The actual Jaws 3 is a franchise nadir. Conventional wisdom holds that this series went into a linear, downward spiral, with each entry somehow managing to be worse than the last. In reality (or at least my reality), it’s more like it kind of slowly rolled downhill, dropped off a cliff, then inexplicably levitated out of sheer force of batshit will. Jaws 3 is the part where it fell off the cliff, for the record. Easily the odd one out of a franchise that, quite frankly, probably should have never even been a conventional franchise, the third entry jets down to Sea World, where grown-up Mike Brody is now an engineer at Sea World (despite having been a bratty 17-year-old five years earlier in Jaws 2).

    So instead of a daring, biting satire, we have this, a sort of generic shark movie branded with the Jaws label, John Williams’s familiar theme music, and that tenuous Brody connection. It is perhaps proof that Universal would do anything possible to keep this franchise alive, so long as it wasn’t too far out there, I guess. While it’s true that Jaws 3 isn’t as obviously, outrageously awful as the film that followed, it’s more insidiously terrible in that it’s got that tacky early 80s stink, right down to its lame 3D gags. And when you’re not dreading every moment you spend with super earnest Bess Armstrong, you begin to realize what a bore this one is.

    That’s more unforgivable than being outlandishly terrible in my book, though I will give this one credit for upping the ante when it comes to disposing of the shark, something to which each sequel seemed committed. I can only imagine old man Brody’s prideful reaction upon hearing his son managed to detonate a grenade that was dangling from a corpse resting inside of a shark’s mouth. Christ, can you imagine the fish stories at the Brody dinner table?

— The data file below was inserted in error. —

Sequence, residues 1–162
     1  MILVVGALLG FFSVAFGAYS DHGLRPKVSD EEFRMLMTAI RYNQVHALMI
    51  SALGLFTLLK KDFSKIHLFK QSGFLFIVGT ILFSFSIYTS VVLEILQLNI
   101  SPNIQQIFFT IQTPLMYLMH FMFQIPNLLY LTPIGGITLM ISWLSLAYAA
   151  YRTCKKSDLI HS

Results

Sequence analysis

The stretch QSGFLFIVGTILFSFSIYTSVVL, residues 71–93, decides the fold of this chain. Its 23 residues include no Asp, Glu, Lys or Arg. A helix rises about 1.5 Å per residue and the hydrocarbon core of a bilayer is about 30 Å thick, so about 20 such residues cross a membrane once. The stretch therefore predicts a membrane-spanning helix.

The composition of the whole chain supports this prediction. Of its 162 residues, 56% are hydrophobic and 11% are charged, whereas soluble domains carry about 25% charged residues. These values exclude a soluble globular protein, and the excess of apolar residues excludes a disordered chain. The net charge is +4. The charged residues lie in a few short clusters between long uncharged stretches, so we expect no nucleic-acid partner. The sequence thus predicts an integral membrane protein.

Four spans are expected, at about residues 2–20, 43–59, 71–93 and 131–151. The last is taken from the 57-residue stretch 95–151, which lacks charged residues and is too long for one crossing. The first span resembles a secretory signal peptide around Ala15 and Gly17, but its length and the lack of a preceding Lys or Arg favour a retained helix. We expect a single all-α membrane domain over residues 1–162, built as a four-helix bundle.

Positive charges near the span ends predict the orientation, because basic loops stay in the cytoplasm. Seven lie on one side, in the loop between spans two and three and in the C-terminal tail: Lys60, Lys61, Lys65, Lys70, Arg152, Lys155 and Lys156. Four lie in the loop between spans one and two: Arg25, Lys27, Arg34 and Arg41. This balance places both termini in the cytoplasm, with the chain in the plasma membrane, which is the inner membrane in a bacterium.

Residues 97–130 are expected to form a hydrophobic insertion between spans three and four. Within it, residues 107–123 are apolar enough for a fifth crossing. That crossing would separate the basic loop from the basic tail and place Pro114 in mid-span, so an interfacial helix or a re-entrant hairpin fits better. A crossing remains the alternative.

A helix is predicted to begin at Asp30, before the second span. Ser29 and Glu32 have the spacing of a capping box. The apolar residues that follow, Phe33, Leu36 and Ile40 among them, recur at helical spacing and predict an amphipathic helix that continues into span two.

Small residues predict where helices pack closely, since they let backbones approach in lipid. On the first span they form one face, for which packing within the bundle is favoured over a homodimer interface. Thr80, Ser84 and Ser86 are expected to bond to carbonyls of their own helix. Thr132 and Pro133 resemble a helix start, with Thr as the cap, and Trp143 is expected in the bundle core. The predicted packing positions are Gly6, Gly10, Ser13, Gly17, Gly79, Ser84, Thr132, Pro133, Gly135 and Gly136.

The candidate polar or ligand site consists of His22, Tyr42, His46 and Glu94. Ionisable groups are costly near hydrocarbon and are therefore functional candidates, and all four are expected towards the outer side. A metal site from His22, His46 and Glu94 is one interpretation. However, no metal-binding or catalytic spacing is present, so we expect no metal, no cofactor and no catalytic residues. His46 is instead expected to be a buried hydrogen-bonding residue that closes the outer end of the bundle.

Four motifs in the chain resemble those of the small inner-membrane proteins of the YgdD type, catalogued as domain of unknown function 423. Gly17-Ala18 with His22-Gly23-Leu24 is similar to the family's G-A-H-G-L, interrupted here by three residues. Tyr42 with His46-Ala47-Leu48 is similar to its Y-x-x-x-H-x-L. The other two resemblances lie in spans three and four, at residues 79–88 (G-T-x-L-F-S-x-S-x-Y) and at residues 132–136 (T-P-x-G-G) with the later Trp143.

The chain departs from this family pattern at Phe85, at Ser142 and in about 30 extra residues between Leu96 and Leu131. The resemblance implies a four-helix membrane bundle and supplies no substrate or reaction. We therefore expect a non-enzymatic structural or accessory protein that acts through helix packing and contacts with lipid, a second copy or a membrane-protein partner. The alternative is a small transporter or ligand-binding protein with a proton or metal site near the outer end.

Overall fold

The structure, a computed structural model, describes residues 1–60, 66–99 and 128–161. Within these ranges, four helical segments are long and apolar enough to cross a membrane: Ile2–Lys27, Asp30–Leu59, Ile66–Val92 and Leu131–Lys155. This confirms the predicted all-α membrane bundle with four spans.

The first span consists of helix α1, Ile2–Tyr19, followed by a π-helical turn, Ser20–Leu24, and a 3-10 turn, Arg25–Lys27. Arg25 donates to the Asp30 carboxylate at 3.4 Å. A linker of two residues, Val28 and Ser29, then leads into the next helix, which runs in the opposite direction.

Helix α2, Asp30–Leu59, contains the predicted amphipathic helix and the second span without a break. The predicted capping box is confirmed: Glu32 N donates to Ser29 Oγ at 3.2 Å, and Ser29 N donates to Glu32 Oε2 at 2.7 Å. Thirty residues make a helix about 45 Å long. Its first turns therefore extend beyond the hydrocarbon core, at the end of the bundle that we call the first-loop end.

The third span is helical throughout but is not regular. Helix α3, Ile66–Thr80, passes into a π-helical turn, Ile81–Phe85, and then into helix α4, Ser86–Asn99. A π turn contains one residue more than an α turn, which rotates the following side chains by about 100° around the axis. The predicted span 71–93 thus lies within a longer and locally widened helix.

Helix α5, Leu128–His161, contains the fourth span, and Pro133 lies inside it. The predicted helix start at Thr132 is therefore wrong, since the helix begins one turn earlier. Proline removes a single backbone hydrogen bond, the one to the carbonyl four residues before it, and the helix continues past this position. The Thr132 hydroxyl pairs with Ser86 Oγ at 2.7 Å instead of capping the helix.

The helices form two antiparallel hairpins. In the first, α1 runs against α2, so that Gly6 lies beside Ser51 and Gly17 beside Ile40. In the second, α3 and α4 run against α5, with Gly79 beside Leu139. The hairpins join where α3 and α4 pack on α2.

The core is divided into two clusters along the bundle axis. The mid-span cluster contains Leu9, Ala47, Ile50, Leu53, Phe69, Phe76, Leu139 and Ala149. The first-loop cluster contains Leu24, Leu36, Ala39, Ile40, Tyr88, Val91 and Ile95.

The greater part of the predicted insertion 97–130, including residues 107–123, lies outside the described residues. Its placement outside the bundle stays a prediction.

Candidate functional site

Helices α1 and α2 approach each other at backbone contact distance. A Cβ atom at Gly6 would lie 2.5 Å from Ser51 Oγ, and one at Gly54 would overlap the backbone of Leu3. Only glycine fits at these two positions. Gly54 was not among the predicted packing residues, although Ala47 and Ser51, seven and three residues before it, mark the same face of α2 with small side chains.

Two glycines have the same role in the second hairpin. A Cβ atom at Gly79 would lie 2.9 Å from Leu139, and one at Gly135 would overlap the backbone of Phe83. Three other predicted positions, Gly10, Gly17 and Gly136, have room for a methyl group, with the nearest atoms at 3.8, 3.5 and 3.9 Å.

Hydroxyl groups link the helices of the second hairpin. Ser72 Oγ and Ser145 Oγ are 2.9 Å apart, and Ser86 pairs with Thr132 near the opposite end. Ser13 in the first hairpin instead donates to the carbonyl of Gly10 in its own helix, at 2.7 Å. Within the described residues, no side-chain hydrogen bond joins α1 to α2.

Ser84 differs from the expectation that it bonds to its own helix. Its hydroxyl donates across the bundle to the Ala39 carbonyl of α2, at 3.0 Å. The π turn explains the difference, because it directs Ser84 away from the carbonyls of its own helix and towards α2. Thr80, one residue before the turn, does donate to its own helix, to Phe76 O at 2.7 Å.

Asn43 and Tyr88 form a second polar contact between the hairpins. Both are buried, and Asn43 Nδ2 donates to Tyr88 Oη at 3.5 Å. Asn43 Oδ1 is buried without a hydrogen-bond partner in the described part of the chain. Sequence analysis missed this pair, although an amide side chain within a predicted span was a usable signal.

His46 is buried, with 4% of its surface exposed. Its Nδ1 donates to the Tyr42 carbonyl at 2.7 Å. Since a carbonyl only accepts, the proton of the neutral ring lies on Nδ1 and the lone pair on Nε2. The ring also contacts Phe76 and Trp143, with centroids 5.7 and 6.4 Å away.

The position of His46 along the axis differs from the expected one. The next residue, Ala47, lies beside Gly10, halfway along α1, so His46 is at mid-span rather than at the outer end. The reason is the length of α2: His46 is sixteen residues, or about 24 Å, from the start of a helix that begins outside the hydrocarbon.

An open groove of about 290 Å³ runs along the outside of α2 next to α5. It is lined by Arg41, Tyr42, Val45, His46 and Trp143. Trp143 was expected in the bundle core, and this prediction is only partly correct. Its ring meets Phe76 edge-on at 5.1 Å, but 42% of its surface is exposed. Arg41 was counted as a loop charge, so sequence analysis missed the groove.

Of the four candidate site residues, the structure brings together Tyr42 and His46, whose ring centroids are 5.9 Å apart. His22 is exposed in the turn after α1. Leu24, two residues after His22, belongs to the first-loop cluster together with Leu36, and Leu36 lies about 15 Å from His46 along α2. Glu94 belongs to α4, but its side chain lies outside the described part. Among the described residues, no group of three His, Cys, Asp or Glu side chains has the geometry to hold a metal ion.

3. Jaws: The Revenge (1987)

    Speaking of outrageous endings, Jaws: The Revenge was so committed to this that it features two totally unhinged climaxes. By now, the story’s familiar but worth repeating: when it was determined that Ellen Brody ramming a shark just wouldn’t cut it, Universal commissioned another ending for international audiences where the shark explodes for no fucking reason at all (and this is not to mention that Mario Van Peebles miraculously survives nearly being bitten in half).

    Determining which is “better” is a fool’s errand, for it requires one to commit way too much time to Jaws: The Revenge, widely hailed as one of the worst major sequels ever produced. I am not here to disavow you of that notion—it’s certainly as terrible as everyone hails it to be, and it’s almost amazing that Jaws degenerated to this in the space of twelve short years. I have a shitty old car that’s held up for longer than that. I, will, however advocate for The Revenge’s particular brand of insane badness, especially since it was somehow the product of a proud major studio.

    Soak this in: this is a movie headlined by Lorraine Gary, whose character has formed a telepathic link with a killer shark that is stalking her family. Could you imagine any modern major studio sequel going this nuts? It’s like someone at Universal realized they played it too safe with Jaws 3D and just decided to light a stack of money and watch it burn. Over the years, I have almost come to admire it for this, at least; no one can accuse it of being forgettable, that’s for sure.


2. Jaws 2 (1978)